MMR was the only vaccine, other than pertussis, for which we had any a priori suspicion of a possible association with asthma. A study in Guinea Bissau[15] found that children who contract clinical measles may be less likely to develop atopy than children who do not contract measles (usually because they have been vaccinated). Thus measles in infancy may be protective against developing atopic conditions, including asthma, and by preventing measles disease, measles vaccine may indirectly increase the risk of asthma or atopy. These epidemiologic conclusions conflict with a recent large study in Finland, which found a positive association between measles and atopic conditions.[31] A study in a general medical practice in the UK did not find an association between measles vaccination and atopy or asthma.[7] The immune responses to measles and measles vaccine are complex, involving both Th1 and Th2 responses.[32,33,34] Our results indicate that children vaccinated with MMR are not at increased risk of developing asthma compared with unvaccinated children.

In our main analysis we found that Hib and hepatitis B vaccines were associated with 18 and 20% increases in asthma risk, respectively. The Hib results, however, were not consistent by HMO. An increased risk was evident only at NCK, and at the other HMOs the relative risks associated with Hib were <1.0. The Hib vaccines used at NCK were also used at the other HMOs; thus we do not have a ready explanation for the idiosyncratic Hib results at NCK and suspect that they are probably a random chance finding.

We are not aware of any previous studies of asthma risk after hepatitis B vaccination or of any data suggesting an association between hepatitis B disease and asthma. The hepatitis B vaccine may contain residual brewers yeast antigens from the production process, but we are not aware of any association between brewers yeast and asthma. The immunologic response to the hepatitis B surface antigen used in the vaccine appears to be predominantly Th1.[35,36] Hepatitis B vaccine, however, is the one vaccine that in the US is often administered at birth. Because it has been shown that Th2 cells dominate at birth in children who develop atopy,[37,38] we performed a subanalysis to assess whether vaccination at birth (i.e. up to 14 days of age) carried a different risk than administering the first dose of hepatitis B vaccine at later ages, but we did not find any difference (data not shown).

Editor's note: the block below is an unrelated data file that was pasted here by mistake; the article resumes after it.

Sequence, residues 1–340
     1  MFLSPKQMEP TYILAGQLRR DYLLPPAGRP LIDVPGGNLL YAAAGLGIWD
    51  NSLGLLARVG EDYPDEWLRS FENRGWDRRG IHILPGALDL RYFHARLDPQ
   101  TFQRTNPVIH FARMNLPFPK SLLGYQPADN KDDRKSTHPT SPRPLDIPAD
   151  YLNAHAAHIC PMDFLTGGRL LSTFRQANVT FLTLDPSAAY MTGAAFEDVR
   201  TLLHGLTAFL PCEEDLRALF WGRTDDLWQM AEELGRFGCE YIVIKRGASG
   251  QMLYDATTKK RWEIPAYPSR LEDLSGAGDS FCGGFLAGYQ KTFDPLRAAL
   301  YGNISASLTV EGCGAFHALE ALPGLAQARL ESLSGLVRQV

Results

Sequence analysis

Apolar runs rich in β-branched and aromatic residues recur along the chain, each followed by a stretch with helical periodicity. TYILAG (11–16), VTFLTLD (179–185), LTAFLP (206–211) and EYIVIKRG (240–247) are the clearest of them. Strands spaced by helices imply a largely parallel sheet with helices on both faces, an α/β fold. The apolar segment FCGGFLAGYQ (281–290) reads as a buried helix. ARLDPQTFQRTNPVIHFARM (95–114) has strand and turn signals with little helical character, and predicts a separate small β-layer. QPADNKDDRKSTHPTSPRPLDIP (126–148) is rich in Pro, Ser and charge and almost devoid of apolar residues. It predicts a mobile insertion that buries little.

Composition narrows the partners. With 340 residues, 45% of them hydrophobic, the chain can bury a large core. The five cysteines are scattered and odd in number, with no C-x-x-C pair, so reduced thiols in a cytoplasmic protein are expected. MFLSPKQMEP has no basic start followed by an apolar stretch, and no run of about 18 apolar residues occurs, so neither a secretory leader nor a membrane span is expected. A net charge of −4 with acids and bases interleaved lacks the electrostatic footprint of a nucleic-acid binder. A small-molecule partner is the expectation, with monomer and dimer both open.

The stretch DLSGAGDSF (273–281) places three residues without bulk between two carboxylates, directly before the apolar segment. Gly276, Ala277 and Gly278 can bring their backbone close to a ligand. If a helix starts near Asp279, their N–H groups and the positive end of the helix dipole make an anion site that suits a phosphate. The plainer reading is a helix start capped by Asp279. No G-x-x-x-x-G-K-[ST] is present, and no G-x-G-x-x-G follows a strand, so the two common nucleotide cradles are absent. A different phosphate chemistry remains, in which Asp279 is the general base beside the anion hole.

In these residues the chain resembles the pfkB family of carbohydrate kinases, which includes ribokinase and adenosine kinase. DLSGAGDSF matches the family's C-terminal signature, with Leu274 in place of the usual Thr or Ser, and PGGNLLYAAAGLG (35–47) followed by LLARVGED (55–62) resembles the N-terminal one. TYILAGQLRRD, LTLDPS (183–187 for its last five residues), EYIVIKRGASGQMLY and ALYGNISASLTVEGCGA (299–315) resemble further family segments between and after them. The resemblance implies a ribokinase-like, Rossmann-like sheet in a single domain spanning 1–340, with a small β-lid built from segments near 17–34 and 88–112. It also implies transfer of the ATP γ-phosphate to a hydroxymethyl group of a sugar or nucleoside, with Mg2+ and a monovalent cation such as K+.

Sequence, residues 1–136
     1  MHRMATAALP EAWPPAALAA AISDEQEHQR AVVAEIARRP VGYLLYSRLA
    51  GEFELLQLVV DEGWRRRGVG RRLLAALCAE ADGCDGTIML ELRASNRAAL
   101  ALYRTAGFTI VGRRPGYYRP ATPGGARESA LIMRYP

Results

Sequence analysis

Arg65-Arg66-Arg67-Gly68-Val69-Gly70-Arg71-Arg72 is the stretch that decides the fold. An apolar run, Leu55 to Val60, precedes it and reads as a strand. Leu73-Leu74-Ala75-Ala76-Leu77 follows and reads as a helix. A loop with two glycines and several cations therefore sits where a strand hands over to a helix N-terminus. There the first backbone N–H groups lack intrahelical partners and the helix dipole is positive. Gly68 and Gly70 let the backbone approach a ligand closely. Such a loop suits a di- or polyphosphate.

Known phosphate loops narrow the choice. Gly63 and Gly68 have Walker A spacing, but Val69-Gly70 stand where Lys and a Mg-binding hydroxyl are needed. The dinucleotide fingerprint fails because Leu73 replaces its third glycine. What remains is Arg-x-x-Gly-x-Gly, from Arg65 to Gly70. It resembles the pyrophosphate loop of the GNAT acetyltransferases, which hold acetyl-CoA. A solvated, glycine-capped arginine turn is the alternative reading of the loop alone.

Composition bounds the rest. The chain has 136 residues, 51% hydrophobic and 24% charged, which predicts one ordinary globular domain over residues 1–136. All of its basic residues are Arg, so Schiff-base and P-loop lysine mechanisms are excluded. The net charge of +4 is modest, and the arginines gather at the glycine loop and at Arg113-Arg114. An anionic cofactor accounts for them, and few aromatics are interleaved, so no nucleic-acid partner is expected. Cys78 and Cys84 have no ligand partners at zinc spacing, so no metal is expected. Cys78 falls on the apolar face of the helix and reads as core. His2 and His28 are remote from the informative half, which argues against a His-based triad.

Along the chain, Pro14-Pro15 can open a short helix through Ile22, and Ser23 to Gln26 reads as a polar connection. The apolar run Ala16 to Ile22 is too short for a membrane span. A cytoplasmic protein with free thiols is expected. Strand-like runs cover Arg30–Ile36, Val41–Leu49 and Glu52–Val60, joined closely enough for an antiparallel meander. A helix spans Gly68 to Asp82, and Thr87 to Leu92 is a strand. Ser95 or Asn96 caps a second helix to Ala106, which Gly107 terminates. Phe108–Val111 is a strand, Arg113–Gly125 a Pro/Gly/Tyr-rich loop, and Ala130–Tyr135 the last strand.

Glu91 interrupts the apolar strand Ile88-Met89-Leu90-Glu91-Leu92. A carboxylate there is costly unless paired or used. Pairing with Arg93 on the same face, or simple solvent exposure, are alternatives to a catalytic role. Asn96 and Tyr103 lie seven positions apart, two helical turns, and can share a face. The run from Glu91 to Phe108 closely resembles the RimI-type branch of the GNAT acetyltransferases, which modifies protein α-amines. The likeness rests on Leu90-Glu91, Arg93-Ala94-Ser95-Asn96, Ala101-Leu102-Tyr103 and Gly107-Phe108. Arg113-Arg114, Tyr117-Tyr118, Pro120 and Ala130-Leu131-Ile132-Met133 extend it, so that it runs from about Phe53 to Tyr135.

Potential limitations of our study included possible misclassification of asthma status, incomplete information on potential confounding factors and relatively short follow-up. Relying on computerized information, we used several criteria to identify children with asthma. A previous study using asthma prescription criteria similar to those of ours showed that they have high sensitivity and positive predictive value for asthma.[39] We performed additional analyses in which we used different asthma case definitions, and the results were not materially different from those of the main analysis. We were able to adjust for gender and date of birth and for the racial, ethnic and socioeconomic characteristics of area of residence, but we did not have information on family history of asthma and other asthma risk factors. The few increased relative risks that we found were all <1.3 and could be highly subject to possible confounding by factors on which we did not have information.